RT Cunningham

Linux Mint is My Preferred Linux Distribution and I’m Dual Booting It

Linux Mint As I mentioned more than a month ago, I intended to dual boot Linux alongside Windows 10 (not necessarily Linux Mint). I went through with it and finished the day before yesterday. Due to family commitments, I pretty much ignored everything computer related yesterday.

It wasn’t as easy to do as I thought it would be. Slow repositories caused everything to take longer than I expected. Still, difficult isn’t a word I’d use to describe the experience.

Choosing Linux Mint Once Again

I started this ordeal more than a week ago, foregoing the backup routine. If the Windows partitions got corrupted during the process, so be it. I never really liked any Windows version Microsoft put out, but I despise Windows 10. I’m only keeping it on this laptop computer for those rare occasions where I might actually need it. Lately, I’m starting to doubt I ever will.

I didn’t want to settle on Linux Mint without trying out a few other distributions. I tried a few other distributions and I still settled on Linux Mint. It’s just that easy to use compared to most of the others. Maybe that’s why it’s one of the top-rated distributions out there. Ubuntu itself is probably the best, but I don’t like the desktop interface, not even one of the alternate ones.

I’ll tell you exactly what I did, leaving out most of the minor details.

Making Room for Linux

The last three laptop computers I’ve owned have been HP notebooks. I’m sure the other manufacturers do something similar. HP puts recovery partitions in place, which are almost useless after a couple of big Windows 10 updates. Using the preinstalled HP Recovery Manager, I removed the recovery partition.

With MiniTool Partition Wizard, I shrank the Windows partition. It was easy to spot, being the largest one. I dropped it from around 400 gigabytes to 200. I then created a new “ext4” partition in the free space that became available. The new partition was now larger than the Windows partition. The next step was to find a suitable Linux distribution to fill that partition.

Testing Linux Distributions

With a USB flash drive in a USB port and a micro SD card (in an adapter) in the card reader port, I downloaded and created bootable devices from Linux ISO images. The Universal USB Installer was the tool I chose to use, mainly because nothing else works for certain distributions.

Most distributions wouldn’t boot from an external device without changing the BIOS settings to enable legacy boot (thus disabling secure boot). I skipped the tests for Ubuntu and any Ubuntu derivative, such as Linux Mint, because I knew they would be visible from past experiences.

I ended up using Linux Mint anyway, downloading the torrent file from here using qBittorrent. I’m familiar with it and it doesn’t have a ton of applications I’ll never use. I actually installed it from the micro SD card. Some other Linux distributions are probably as good as Linux Mint but I’m not ready to embrace any of them.

Installing Linux Mint

I’m using the Cinnamon desktop edition, the main one. The unofficial Google Drive client, overGrive, doesn’t seem to work well with the other desktop editions. The installation process was pretty straightforward. Installing it alongside Windows was the only choice I had to make. The installer saw the free space and chose it automatically.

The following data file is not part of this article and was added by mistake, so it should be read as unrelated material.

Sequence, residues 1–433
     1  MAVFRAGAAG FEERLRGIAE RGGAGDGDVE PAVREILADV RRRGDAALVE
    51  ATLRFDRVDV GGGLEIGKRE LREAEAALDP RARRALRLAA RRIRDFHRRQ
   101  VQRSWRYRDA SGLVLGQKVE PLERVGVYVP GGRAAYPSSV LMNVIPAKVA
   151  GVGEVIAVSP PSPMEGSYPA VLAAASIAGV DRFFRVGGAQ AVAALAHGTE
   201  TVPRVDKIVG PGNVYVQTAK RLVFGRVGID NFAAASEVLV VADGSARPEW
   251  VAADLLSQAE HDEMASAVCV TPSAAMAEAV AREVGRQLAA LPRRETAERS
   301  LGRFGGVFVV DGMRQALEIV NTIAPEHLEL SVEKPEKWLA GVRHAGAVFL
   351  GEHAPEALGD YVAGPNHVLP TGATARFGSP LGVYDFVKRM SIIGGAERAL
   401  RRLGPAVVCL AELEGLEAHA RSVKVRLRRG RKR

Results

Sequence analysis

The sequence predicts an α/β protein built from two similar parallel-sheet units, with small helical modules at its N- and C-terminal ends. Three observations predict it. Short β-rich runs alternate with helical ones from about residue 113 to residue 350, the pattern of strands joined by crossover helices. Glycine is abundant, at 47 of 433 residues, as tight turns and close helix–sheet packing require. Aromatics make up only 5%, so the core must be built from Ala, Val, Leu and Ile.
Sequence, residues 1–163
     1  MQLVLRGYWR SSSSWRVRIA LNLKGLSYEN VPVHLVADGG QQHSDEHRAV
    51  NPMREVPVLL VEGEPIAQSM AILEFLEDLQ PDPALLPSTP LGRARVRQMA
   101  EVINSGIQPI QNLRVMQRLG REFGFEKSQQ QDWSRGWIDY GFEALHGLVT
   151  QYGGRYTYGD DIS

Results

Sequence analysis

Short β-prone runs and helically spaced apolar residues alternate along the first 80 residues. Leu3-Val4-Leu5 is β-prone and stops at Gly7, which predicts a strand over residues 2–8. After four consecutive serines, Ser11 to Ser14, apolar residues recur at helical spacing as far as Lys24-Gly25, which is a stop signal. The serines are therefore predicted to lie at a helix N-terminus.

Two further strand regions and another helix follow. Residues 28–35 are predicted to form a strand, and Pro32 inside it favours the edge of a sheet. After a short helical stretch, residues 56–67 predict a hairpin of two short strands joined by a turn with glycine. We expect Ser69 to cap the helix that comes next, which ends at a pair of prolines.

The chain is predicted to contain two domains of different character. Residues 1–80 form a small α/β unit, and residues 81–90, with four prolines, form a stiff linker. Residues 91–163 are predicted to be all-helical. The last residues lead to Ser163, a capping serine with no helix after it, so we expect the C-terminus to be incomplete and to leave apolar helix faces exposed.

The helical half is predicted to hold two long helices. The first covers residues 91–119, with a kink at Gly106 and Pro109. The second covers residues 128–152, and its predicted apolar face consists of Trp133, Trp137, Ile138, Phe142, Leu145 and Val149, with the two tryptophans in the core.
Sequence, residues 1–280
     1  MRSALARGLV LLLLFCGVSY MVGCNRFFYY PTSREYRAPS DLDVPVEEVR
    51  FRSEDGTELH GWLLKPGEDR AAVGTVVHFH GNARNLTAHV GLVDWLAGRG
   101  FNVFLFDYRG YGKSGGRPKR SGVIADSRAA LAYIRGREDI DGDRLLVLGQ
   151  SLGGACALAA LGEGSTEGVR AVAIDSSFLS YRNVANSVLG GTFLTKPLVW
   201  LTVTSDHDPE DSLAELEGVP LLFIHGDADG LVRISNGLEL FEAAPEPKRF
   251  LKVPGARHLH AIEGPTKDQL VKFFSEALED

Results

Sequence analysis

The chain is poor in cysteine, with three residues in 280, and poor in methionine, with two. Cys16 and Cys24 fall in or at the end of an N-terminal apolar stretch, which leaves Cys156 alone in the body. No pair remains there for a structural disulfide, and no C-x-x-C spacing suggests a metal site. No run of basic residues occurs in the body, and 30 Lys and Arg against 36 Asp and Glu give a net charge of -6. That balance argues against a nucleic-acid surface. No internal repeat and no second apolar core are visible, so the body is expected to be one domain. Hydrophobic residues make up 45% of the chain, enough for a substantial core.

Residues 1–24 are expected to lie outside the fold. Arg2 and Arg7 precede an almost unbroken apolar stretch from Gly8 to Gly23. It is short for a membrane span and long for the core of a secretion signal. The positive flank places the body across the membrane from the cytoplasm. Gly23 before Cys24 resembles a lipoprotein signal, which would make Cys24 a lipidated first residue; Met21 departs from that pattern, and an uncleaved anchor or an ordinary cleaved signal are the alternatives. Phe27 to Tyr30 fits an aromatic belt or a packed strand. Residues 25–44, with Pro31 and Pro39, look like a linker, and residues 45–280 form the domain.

Getting all the updates is what took so long. It was painfully slow because, for whatever reason, certain repositories wouldn’t connect all the time. After everything was done I decided to test a theory. I downloaded a huge torrent on Windows and then I downloaded the same huge torrent on Linux Mint.

My bedroom is on the second floor and the router is on the first. I expect the WiFi signal to be weak but not to frequently disconnect, which is exactly what it did with Windows 10. With Linux Mint it didn’t disconnect even once. The fault, it would seem, is with the Windows driver for the built-in network adapter. Since I don’t intend to use Windows regularly, I’m not going to worry about it.

Linux Mint vs. Windows 10

I’m almost convinced the reason most people stick with any version of Windows is because they don’t know any better. It came pre-installed on their computer and it’s all they know. Some people actually like Windows 10 but I’ve never met any of those people in person. Those who’ve told me they like Windows usually mean they like specific applications on Windows.

Certain applications seem to run better on Windows 10 but it’s really just an illusion. If you have two computers with the same hardware components, most applications will run better on the Linux system. That is, of course, if it’s an application that runs on more than just Windows. There are plenty of applications that will run on one or the other but not both.

Linux Mint is based on Ubuntu but it isn’t Ubuntu, although it uses the same repositories. Linux Mint is friendlier than Ubuntu. Having used variations of both in the past, I feel like I’m qualified to say it’s better for beginners than Ubuntu. If you want to switch from Windows 10 completely, Linux Mint is the better choice.

I’m using a dual boot system on this laptop computer but not on my other one. My other one is Linux Mint only. With this one, I have to hit F9 quickly before Windows kicks in or I’ll have to start over. Since I rarely reboot, it’s not really an issue. Yes, I know I can give myself more time by increasing the “post” setting in the BIOS (it’s set at 0) but I don’t want to do that just yet.

Image Attribution: merlwiz79 [GFDL or CC-BY-SA-3.0], via Wikimedia Commons

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RT Cunningham
January 27, 2019
Linux